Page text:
Q: I have an anglewing begonia that lives in my greenhouse. Its leaves began curling up in tight curls from the sides toward the middle and then turning brown. What do I need to do to treat this problem? We travel a lot in the Arizona area during different times of the year. We see many beautiful cottonwood trees in the sandy valleys. However, why do we only see mature, very large trees and no new young trees? It’s as if the trees are not reproducing. (e-mail reference)

A: I only have some guesses. Conditions are not satisfactory for the seedlings to become established. What you are seeing are males, because the females have been removed to prevent the annoying seedlings from coming up everywhere. What seed that is produced is consumed by the wildlife immediately.

Keep in mind that the desert is a stark place for abundant food, so anything that can be consumed is before it has a chance to establish. The next time you visit that part of the country, ask someone with the Arizona Extension Service the same question for a more cogent answer.

Q: I have an anglewing begonia that lives in my greenhouse. Its leaves began curling up in tight curls from the sides toward the middle and then turning brown. What do I need to do to treat this problem? Is it possible for an African violet to display stress because of workers suffering from colds or flu in an office setting? I have had two plants on my desk for quite some time, but have not had problems until now.

Prior to my office, they did very well in my home. Yesterday, both looked just fine. When I came in this morning, I noticed that the larger one had developed three droopy lower stems.

Nothing has been changed in their routine during the past eight months. The leaves and stems look fine, just droopy. They haven’t bloomed since last fall and don’t appear to show any signs of developing budded stems. Prior to this, they bloomed just fine. I water from the bottom once a week when needed. I use filtered water that is diluted with Peters African Violet Food. (e-mail reference)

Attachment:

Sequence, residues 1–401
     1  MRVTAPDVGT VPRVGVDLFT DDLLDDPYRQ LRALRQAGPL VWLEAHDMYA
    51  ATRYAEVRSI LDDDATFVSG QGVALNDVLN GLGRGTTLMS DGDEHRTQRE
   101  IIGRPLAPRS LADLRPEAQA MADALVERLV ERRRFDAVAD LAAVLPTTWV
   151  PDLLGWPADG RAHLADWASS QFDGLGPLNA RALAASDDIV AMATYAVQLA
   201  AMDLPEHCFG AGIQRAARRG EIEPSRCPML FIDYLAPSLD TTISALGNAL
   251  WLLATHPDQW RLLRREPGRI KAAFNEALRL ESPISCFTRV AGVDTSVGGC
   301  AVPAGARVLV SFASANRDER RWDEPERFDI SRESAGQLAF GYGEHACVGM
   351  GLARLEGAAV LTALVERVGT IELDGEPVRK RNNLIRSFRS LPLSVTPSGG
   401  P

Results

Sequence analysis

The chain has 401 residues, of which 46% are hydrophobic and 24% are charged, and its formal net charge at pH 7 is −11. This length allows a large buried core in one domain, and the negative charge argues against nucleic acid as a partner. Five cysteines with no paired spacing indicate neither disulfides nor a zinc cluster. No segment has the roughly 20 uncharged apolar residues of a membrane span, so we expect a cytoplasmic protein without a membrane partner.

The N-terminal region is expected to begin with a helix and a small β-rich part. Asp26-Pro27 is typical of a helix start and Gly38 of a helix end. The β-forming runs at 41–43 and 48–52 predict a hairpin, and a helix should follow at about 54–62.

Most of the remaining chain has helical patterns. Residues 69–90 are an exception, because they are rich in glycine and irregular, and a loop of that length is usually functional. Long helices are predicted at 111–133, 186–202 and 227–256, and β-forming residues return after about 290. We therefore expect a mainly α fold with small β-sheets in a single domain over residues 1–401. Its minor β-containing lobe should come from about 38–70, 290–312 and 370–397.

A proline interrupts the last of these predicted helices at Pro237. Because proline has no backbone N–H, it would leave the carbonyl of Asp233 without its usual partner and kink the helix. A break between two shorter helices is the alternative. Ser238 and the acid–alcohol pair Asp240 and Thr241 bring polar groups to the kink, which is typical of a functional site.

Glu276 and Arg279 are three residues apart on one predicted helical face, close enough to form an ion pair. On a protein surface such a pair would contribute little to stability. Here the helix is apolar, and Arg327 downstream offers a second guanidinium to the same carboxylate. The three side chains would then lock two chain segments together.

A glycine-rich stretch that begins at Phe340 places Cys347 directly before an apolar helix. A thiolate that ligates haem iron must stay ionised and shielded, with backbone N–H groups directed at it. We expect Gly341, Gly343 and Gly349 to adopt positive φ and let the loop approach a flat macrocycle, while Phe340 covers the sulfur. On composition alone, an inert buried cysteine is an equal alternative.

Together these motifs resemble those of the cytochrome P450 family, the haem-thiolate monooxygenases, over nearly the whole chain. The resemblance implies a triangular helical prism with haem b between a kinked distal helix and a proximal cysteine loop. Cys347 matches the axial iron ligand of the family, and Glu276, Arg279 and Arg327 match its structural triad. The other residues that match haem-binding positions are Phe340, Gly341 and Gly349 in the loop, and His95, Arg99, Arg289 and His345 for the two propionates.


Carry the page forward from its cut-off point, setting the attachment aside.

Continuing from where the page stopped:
A: How nice it would be to get a sympathetic acknowledgment from our houseplants when we are not feeling well. Unfortunately, this is not true. What has likely happened is that up to this point, the plants were silently suffering some kind of cumulative stressors, such as temperature, light, water, drafts, insects or disease, but didn’t show any symptoms until now. It is somewhat like going somewhere where you get into unsanitary conditions, but the symptoms don’t show up until a few days later, so you can’t make sense of what it is that ails you.

As a sweeping statement (I’ve said this many times before), the majority of houseplant problems are from two sources: overwatering and/or underlighting. I think the problem may be too little light intensity. In an office setting, the fluorescent lighting degrades through time. The problem is little noticed by the human eye, but is picked up by the energy preceptors in the plant’s chlorophyll mitochondria as it fades in intensity. This is why changing the fluorescent lights on a yearly basis is recommended for optimal plant health and vigor. Our vision will notice the duller light intensity about a year or two later, so get the bulbs changed to make it easier on our eyes. Unless the plants in the office are tolerant to low-light conditions, such as the sansiveria or Chinese evergreen, they will react much sooner than the human eye can make the detection. The fact they haven’t bloomed since last fall gives me a hint the problem may be the lighting.